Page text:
Synchronising heats has enabled a Welsh beef producer to achieve a 77% in-calf rate to first service, resulting in a weight gain advantage over calves born from repeat heats.
Llyr Hughes farms in partnership with his father, Peredur, on Anglesey, producing suckler beef from a commercial herd of 120 Limousin and Limousin-cross cattle.
In 2017, 89 cows calved in the spring over a 12-week period and the remainder in the autumn, over eight weeks.
Mr Hughes is now aiming to get the majority of calves born in the first three weeks of those calving periods.
“We aim to sell as many calves as possible off their mothers before housing to reduce our winter feed costs, so tightening the calving period would mean we could sell more before housing,” explains Mr Hughes, a Farming Connect Focus Farmer.
Through his work with Farming Connect, he embarked on a project comparing the potential benefits of combining oestrus synchronisation with artificial insemination against conventional service with a stock bull.
The trial and how it worked
Synchronised AI was used on 55 spring calving cows and natural service on 34.
Following a plan, developed by a breeding specialist, cows in the synchronised group were inseminated twice, on two consecutive days in June.
Pregnancy diagnosis, 40 days later, showed that 42 cows – 77% of the group – were in calf; above the target of 60%.
Of the 13 that didn’t hold to service, 11 repeated, and of the original 55 cows, 53 are now in calf.
The benefits of condensing the calving period
Mr Hughes, of Fferam Gyd, says concentrating calving in the first three weeks of the calving period offers multiple benefits.
“Getting cows in calf at the first service gives calves a head start over calves born from repeat heats,” says Mr Hughes, who explains that on average calves are growing at 1.2kg a day from birth.
He says that synchronisation equates to a 25-day advantage over a standard calving pattern. At 1.2kg/dlwg, calves would therefore be 30kg heavier.
He adds: “At £2.40/kg that would result in an increased value of £72 which easily pays for the synchronising.”
Having a better knowledge of calving dates will also enable forward planning of labour, health and shed space, he believes.
To ensure a high conception rate, cows that have a history of calving problems or conceiving should not be included in the programme, Mr Hughes adds.
This year he sold 60 of his 90 calves before housing. “If I could get that to 80 it would mean less winter feed, less straw and less work.”
AI also enables rapid genetic improvement in commercial beef systems, because it allows access to high genetic merit bulls.
Mr Hughes used semen from his own stock bull, Derrygullinane Kingbull, which he purchased at Roscrea in October 2016 for 10,800gns.
“Genus ABS were interested in him, so they have taken his semen for marketing,” explains Mr Hughes, whose two main selection criteria are calving ease and 200-day weights.
He already used synchronised AI on his pedigree “Pabo” Limousin herd, flushing cows and implanting embryos in recipients.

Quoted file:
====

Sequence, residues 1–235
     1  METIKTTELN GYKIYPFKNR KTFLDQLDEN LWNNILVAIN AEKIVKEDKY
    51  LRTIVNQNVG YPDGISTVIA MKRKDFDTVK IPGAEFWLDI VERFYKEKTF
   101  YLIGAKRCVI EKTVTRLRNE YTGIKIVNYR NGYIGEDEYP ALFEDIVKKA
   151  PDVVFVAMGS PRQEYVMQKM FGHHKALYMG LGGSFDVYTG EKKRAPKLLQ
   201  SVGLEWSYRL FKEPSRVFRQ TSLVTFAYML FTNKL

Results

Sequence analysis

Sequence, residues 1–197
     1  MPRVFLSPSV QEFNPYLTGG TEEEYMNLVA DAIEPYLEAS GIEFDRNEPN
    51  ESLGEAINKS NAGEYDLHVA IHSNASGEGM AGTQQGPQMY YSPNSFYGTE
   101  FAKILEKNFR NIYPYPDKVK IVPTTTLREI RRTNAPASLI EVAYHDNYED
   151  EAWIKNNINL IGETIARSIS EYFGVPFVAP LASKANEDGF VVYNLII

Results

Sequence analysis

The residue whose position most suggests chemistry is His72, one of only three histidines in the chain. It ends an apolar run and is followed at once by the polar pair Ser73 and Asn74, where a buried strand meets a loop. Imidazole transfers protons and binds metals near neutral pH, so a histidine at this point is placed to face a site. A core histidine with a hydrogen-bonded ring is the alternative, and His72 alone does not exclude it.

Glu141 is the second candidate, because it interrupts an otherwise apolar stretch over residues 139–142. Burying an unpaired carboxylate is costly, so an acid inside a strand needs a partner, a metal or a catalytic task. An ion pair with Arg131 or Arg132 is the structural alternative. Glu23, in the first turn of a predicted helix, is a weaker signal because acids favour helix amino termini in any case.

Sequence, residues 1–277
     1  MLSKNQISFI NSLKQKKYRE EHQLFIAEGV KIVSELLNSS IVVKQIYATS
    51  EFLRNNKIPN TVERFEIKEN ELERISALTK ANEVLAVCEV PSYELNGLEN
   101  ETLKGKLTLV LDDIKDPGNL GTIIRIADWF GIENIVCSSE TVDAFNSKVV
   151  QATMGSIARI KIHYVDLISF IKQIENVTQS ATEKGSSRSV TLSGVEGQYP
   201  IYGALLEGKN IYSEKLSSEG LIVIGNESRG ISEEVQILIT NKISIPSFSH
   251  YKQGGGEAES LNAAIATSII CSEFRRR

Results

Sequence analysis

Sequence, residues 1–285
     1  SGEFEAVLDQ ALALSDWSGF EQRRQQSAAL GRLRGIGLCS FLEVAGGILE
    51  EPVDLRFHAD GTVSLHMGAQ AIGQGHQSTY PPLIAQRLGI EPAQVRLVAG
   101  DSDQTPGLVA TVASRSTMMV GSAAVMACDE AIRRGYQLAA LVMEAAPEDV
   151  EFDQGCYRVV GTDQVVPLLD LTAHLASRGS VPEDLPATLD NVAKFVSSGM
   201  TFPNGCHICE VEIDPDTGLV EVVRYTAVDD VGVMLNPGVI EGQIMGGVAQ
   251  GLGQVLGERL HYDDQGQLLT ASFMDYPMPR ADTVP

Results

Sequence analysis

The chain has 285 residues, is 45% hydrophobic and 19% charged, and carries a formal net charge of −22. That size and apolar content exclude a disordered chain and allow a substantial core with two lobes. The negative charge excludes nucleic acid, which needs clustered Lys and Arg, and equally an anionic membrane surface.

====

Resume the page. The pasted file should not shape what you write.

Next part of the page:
Synchronising bulling reduces the labour time associated with AI. Mr Hughes does his own AI and it took him and another helper 12 hours to synchronise and AI 55 animals for the first service period of the project.
Farming Connect technical officer Emyr Owen, who co-ordinated the trial, said the savings were obvious.
“For a non-synchronised AI programme, the group would need to be observed for 90 minutes a day over an eight-week period which totals 84 hours,” Mr Owen calculates.
“It is clear how a fixed time AI programme can be of benefit to farmers who are short on time and skilled labour.”
Of the 34 cows that ran with the bull, three failed to get in calf and the calving period will be longer, says Mr Owen.
Advice on AI’ing while cows are at grass
A field close to the farmyard at Fferam Gyd was set aside for grazing during the synchronisation and AI period.
“In a spring calving herd, where the cows aren’t housed during the breeding period, it is important to plan for the job,” says Mr Hughes.
“I set aside a field near the yard; it keeps cow stress levels down if they don’t have to walk far.”
Cows must be split from their calves, but Mr Hughes says this didn’t create any problems.
A good handling system is essential, he adds. “This reduces the stress to everyone involved. The cow is less stressed and it’s safer to handle them.”
In hindsight, due to the very low repeat numbers, Mr Hughes says it would probably have been more beneficial to use a bull to sweep up the repeats instead of AI because of the time this took.
“There was a lot of labour involved in observing those 13 animals,” he admits.
- 450 acres of which 60 are rented
- Sixty-seven acres of barley, wheat and oats grown for home consumption
- Cattle sold at 280-310kg to Morgan Evans, Gaerwen, and also through private sales
- Flock of 650 sheep
- British Grassland Society All-Wales Grassland Farmer of the Year winner 2010
- Herd accredited free of BVD and Johne’s
- Cattle Health Certification Standards (CHeCS) accredited